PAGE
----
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The Church of Jesus Christ of Latter-day Saints organizes its members into congregations, or "wards," which are determined by the geographic location of the members' homes. A "bishopric," which consists of a bishop and two counselors, presides over each of these wards. A ward executive secretary serves as an assistant to this bishopric.
Leadership positions in the LDS church are not paid; therefore, practically all leaders juggle full-time jobs with their church responsibilities. The bishop is responsible for the well-being of the entire ward; therefore, he spends the majority of his church time dealing directly with members. As a result, the ward executive secretary carries the responsibility of helping manage the bishop's time. This role is similar to that of an executive assistant in a corporate setting.
Church leaders appoint members to all LDS leadership roles, or "callings." For this particular calling, it is the bishop who appoints the executive secretary. In addition, only male members of the church may serve in the bishopric, so a male member also fills the executive secretary position.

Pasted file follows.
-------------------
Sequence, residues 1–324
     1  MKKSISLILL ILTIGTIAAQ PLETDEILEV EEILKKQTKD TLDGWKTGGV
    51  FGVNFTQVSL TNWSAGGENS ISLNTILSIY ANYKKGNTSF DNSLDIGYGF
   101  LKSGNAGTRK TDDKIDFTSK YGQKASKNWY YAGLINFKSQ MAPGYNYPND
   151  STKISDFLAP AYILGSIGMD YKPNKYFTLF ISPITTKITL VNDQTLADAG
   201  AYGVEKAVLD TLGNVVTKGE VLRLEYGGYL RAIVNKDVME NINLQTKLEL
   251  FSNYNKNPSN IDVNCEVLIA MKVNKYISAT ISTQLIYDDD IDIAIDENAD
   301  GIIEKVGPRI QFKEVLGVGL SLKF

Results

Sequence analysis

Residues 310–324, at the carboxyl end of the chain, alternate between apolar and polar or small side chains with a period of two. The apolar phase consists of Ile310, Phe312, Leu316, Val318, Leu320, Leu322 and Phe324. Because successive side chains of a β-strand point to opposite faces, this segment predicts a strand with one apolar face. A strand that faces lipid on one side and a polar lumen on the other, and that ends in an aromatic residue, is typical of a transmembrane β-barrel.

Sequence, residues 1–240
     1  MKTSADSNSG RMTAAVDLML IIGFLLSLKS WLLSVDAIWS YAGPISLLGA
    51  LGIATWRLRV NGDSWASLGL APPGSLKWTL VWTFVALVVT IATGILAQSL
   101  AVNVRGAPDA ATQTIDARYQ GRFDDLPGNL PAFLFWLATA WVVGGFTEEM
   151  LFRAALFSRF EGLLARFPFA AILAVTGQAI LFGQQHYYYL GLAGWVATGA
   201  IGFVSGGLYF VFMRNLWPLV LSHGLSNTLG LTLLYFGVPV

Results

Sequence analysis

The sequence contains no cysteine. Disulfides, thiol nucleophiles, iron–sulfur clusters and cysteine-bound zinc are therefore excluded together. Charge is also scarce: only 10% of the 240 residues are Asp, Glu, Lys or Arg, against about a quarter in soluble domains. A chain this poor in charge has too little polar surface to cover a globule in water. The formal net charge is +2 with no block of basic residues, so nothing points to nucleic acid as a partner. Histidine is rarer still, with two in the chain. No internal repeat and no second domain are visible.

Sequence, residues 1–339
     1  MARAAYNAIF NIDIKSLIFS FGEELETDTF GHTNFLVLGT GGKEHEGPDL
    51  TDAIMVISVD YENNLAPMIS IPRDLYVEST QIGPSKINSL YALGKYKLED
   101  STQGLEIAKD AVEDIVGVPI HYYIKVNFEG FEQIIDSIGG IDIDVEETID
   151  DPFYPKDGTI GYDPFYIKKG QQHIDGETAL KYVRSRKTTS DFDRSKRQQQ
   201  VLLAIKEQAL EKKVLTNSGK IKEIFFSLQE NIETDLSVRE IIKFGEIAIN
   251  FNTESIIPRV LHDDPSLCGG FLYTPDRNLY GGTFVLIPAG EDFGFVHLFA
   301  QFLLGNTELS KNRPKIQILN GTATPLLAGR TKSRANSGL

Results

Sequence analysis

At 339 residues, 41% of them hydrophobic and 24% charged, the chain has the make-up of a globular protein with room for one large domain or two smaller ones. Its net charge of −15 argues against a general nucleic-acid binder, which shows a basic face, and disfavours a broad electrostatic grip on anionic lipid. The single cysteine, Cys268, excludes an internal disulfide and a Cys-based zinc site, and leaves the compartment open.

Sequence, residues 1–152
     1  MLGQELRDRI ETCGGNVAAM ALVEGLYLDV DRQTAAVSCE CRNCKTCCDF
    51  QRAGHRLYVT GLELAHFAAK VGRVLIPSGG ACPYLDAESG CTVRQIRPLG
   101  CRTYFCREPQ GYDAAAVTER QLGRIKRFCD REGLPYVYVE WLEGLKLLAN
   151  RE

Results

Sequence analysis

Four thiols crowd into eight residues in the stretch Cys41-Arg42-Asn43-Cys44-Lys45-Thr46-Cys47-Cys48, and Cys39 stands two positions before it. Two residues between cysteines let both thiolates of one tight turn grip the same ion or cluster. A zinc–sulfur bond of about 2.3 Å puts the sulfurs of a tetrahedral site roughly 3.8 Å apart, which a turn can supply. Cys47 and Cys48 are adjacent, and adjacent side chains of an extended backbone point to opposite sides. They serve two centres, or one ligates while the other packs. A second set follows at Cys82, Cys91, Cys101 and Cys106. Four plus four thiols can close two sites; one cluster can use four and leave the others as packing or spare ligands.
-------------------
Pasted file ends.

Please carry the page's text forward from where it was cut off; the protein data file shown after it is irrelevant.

Meetings and Appointments
A primary duty of the executive secretary is maintaining the bishop's calendar. This includes scheduling meetings with ward members who have requested a meeting or whom the bishop has a requested to meet with. Scheduling and coordinating group meetings, as well as helping set agendas, also is a main responsibility. Practically all meetings are in reference to serving ward members, whether individuals or groups, such as youth, women or even the ward as a whole.
Coordinating with Other Leaders
The ward executive secretary also communicates with other leaders in the ward and the stake, which consists of several area wards. Ward leadership includes presidencies for specific groups, including Relief Society (women) and Primary (children). The secretary shares information with these groups, coordinates among them and helps find opportunities for these groups to work together in serving members. The executive secretary keeps in contact with the stake leadership in high-level matters.
An LDS ward executive secretary does carry many responsibilities; however, the underlying obligation is to serve the members of his ward. The bishop and his counselors try to accommodate all needs, and the secretary is often the first point of contact for many ward members who need counsel or assistance. His unofficial job often is to listen, be compassionate, and take these members' concerns to the bishopric so these leaders are prepared with the information they need to do their jobs effectively.